With all of the dizzying, fundamental changes in the Middle East, where the Arab Spring has given way to radicalism in Egypt and complete chaos in Syria, a key transformation in the Israel-Palestinian relationship has taken place that has largely gone unnoticed.
f Israel indeed desires a two-state solution to the diplomatic impasse, “it can only happen” if Jerusalem recognizes Palestine — formerly the Palestinian Authority — as a legitimate state, according to Gidi Grinstein, the founder and president of the Reut Institute, a Tel Aviv-based think tank.
In a rapid-fire presentation at Limmud NY, where more than 800 people took part in the annual four-day, grass-roots smorgasbord of Jewish learning, prayer, music, culture and conversation that took place last weekend in East Brunswick, N.J., Grinstein focused on Israel’s many external challenges, and some opportunities.
He asserted that “the key transformation in the [Israel-Palestinian] relationship is that it’s now up to Israel” to decide whether or not to achieve two states since the Palestinian Authority, still without a parliament and deadlocked with Hamas, “does not have the capacity to make an agreement,” even if it wanted to do so.
The former Middle East negotiator said Israel’s choice is either to continue controlling the Palestinians or to make unilateral moves, such as “an act of recognition,” because if left up to the Palestinians, “there may not be a [Palestinian] state.”
The premise of Grinstein’s presentation, which he called “Small Nation In Stormy Waters,” is that the world is undergoing such dramatic, breakneck change that governments cannot keep up in what he calls “the age of permanent revolution” characterized by “fogginess,” with no reliable paradigms from which to learn, and hesitation to act on the part of national leaders.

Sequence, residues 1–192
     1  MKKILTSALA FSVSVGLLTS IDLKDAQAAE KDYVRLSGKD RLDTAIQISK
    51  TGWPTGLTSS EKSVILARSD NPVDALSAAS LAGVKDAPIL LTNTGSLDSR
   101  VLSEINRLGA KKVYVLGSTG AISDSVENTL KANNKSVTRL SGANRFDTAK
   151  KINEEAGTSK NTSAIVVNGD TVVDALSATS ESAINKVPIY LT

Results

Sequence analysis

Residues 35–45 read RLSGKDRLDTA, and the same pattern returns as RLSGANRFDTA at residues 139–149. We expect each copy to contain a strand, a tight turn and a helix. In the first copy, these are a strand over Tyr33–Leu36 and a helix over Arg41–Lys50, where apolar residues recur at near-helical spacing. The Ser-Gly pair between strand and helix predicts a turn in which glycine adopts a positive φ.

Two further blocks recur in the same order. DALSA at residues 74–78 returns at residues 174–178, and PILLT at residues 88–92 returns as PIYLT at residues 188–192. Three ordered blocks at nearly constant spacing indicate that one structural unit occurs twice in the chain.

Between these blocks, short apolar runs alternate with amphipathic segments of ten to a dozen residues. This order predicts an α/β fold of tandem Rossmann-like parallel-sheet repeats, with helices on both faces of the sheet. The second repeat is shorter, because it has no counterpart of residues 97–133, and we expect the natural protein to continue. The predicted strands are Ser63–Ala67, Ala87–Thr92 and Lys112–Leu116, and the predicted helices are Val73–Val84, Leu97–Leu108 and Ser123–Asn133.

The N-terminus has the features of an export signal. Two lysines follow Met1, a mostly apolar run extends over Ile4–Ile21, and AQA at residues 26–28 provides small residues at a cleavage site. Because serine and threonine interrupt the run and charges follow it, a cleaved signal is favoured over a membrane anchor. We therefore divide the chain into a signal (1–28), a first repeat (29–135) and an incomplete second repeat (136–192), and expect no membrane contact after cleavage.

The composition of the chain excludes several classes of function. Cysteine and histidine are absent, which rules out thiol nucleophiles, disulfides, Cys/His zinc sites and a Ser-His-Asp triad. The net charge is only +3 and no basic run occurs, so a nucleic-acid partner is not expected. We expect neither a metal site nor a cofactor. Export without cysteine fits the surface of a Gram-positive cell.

The Syrian civil war is a case in point, where events have moved so fast and with such complexity that Washington has been unable to respond effectively.
Israel used to focus on Arab governments with rational leaders, Grinstein noted, but they have been replaced by fundamentalists, fostering a sense of crisis, fatigue and surprise.
He said the current climate calls for versatility, not just being able to respond to one crisis at a time, adding: “Israel needs to be in more places, in a deep way,” building new alliances in the Middle East, particularly with young people in the Arab world who are more open to engagement.
He spoke of Reut’s major involvement now with an audacious “Repair The World” program that seeks to capitalize on Israel’s strength in areas like technology, prenatal health care, water irrigation and energy. The plan is to make a major humanitarian effort throughout the world.
“We have unique value to contribute,” Grinstein said. “The trick is to get credit for it,” to improve Israel’s image while fulfilling the Jewish mandate to benefit mankind.
Grinstein’s talk was one of hundreds of workshops, lectures, discussions and performances at Limmud NY, part of the international, British-based effort to bring together Jews of all ages, backgrounds, political beliefs and religious practices to study and learn together.
There was a palpable energy in the halls on Sunday afternoon as people schmoozed and pored over their 132-page programs, deciding what session to attend next. There were often more than a dozen offerings at a time.
Part of what makes Limmud unique is its emphasis on volunteerism, which includes presenters. “Every participant is both a teacher and a learner,” noted conference chairs Katy Schwalbe and Helaina Skop.
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